Carnero Records crisp001ca 2013, LP & CC album, 41m 43s
£6.99 CC £14.99 LP
Sendo Senshi is the title of an unreleased 1970s ‘whitexploitation’ movie, both directed and scored by Japanese-Italian Alessandro ‘Saseko’ Motojima. You can watch a trailer for it by clicking the link above; it promises violence, crime, gore, tits, shouting, sartorial intensity and all the garish, cartoonish traits of 1970s grindhouse cinema at its best. This is the kind of thing that inspired Quentin Tarantino in his epiphanous understanding that while style over substance could be amusing, style can also be substance, and be profound. That precise philosophy informs the music on this soundtrack album, with its balanced abstract compositions of gestures and tropes. So, has a print of this legendary lost classic been recently discovered? Has a new edit been cut for imminent arthouse release? No, because all of this is just schtick; this is a fictional framework, which provides a conceptual context for both the composition and the reception of a suite of newly composed music, resembling film music, but actually arranged for a small performing ensemble (with the occasional outbreak of strings). Visual artist Video Mat has been producing mock-up movie posters for some time, using his 1970s action hero alter ego White Dolemite; I don’t know if he’s produced soundtrack albums of this sort in the past, but on this occasion at least he’s gone one better than a poster, and although it’s difficult to unpick the meta-fictional layers, I’m guessing the titular album artist is a real collaborator, rather than another alter-ego. I suppose I could do some digging, but I honestly prefer the obfuscation. It all sounds like a laugh, and so it is, but it’s also a pretext to make some real music using stylistic materials that are freighted with too many associations to be readily exploited in the abstract. The album might have been presented without all of this mythological scaffolding, but its listeners would likely have been too busy constructing the narrative context to attend directly to the music. As it is, we have the visual style and cultural cues laid on, so we know where Motojima is coming from, and it’s easy for us to share in his enthusiasm for the sound of a particular time and place, even if our ears are not specifically that familiar with it.
At the heart of Sendo Senshi is a rhythm section of double bass (played by my college friend Mao Yamada), drums and keyboards (specifically electric piano, clavinet and analogue synth); tightly arranged as the music is (or seems to be), the consistent presence of these specific voices lends the music a coherence it would likely have lacked if every composition had featured different personnel. To what extent the music was written for these players, I can only guess, but they make it their own, interpreting the scoring with a rock solid and very relaxed feel. Flute is prominently featured as a melody voice, and the Kamikaze Horns play a major role in the arrangements; everything else, largely strings, but also including a recurring sound that is either a koto or something masquerading as one, is blamed (on the album sleeve) on the QC197 Orchestra. Given that movie composers are often in a position to throw everything and the kitchen sink at their orchestrations, film scores often lack a pronounced sense of creative continuity, which is fine, obviously, as they serve a purpose separate from their own status as an utterance; however, budgetary considerations used to be a major issue (before the days of Pro-Tools and huge multi-sampled orchestral plug-ins), and the sort of movie that’s represented in this project would likely have sported a tightly focussed soundtrack like the music on this album.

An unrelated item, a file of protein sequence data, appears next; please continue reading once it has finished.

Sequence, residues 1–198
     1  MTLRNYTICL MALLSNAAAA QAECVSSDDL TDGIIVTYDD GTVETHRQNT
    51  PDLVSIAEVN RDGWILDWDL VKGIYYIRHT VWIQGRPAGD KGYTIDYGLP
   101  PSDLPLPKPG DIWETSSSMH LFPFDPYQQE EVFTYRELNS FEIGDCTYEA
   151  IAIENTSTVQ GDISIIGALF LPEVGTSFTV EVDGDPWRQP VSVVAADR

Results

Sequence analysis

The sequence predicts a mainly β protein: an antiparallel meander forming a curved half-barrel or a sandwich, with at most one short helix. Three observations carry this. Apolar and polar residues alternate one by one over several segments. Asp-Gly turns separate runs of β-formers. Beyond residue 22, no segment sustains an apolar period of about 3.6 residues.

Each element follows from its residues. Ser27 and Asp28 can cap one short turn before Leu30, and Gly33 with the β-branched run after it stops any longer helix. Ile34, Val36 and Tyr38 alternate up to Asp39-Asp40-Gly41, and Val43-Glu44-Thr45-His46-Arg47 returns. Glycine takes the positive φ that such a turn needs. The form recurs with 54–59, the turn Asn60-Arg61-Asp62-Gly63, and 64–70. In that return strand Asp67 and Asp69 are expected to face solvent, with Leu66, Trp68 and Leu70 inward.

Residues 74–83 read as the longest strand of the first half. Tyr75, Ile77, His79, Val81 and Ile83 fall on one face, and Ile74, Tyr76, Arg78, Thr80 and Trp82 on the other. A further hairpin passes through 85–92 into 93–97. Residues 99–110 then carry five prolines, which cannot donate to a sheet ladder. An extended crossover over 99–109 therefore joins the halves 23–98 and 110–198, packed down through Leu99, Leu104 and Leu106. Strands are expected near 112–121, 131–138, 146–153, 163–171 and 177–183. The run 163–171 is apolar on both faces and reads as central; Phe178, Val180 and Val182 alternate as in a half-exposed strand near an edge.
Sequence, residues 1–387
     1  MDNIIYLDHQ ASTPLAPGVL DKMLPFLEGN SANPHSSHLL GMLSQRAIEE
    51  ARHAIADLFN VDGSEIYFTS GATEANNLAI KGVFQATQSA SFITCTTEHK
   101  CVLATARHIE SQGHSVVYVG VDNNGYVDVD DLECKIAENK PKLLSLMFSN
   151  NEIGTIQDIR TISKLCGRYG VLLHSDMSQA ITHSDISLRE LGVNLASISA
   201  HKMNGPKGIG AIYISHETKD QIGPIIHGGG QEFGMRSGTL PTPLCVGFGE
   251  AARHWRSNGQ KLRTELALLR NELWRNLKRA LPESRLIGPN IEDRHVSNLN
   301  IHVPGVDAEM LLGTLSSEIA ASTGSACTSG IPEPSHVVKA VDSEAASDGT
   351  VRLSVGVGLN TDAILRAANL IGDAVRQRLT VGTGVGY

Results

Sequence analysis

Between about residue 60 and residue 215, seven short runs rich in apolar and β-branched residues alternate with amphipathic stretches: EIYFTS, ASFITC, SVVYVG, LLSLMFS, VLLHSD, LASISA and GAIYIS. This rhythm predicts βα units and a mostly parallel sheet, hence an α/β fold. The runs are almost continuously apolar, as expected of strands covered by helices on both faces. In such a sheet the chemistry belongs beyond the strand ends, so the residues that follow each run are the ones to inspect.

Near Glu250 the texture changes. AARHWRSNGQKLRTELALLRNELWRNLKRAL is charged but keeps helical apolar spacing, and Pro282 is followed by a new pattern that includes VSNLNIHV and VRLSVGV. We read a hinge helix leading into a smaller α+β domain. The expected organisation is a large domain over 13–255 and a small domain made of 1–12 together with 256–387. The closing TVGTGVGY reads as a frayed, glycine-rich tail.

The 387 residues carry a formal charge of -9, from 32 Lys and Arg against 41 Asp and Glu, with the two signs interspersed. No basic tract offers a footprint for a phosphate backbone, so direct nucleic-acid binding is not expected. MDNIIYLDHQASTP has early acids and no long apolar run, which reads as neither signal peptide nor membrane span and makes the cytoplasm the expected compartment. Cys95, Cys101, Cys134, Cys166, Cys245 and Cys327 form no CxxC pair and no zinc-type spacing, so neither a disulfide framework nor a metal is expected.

Stylistically, the music apes the pop-jazz sounds of the 1960s and the soundtrack funk of the 70s; the strongest point of resemblance for me, and probably for many listeners, especially if they’re my sort of age, is to the soundtracks of 1970s American TV cop shows. The language of those soundtracks, with their conventional associations of particular musical tropes with particular dramatic ones, such as ‘waiting’, ‘stakeout’, ‘action’ or ‘chase’, is so ingrained in the aural consciousness of anyone who grew up watching that stuff, that the associations seem more natural than conventional. Of course this is the soundtrack to a movie in which a white tough-guy slices people up with a katana in the Japanese urban underworld, and as such it needs other, Far Eastern flavours. Naturally enough, those come not in the form of 1970s Japanese pop-music references but of conventional orientalist clichés. Of course it is entirely possible that this album is, in part, a homage to Japanese interpretations of Western cinematic tropes, but I lack the knowledge to judge, and on balance I doubt it. This music simply and effectively satirises commonplace orientalist representations in Western cinema; the koto (or faux-koto, I’m no expert) makes repeated appearances, and there are frequent outbreaks of the most orientalist trope of all, melody harmonised in fourths around blocky rhythms, in the horns at the start of ‘The Way Is Death’, for example, or on the koto just before the groove kicks off in ‘Meet Me At The Asakusa Shrine’. This convention is an unmistakeable signal in Western music that we are representing someplace to the east of India. Exactly where is immaterial: this is the standard musical signal for the entire Far East.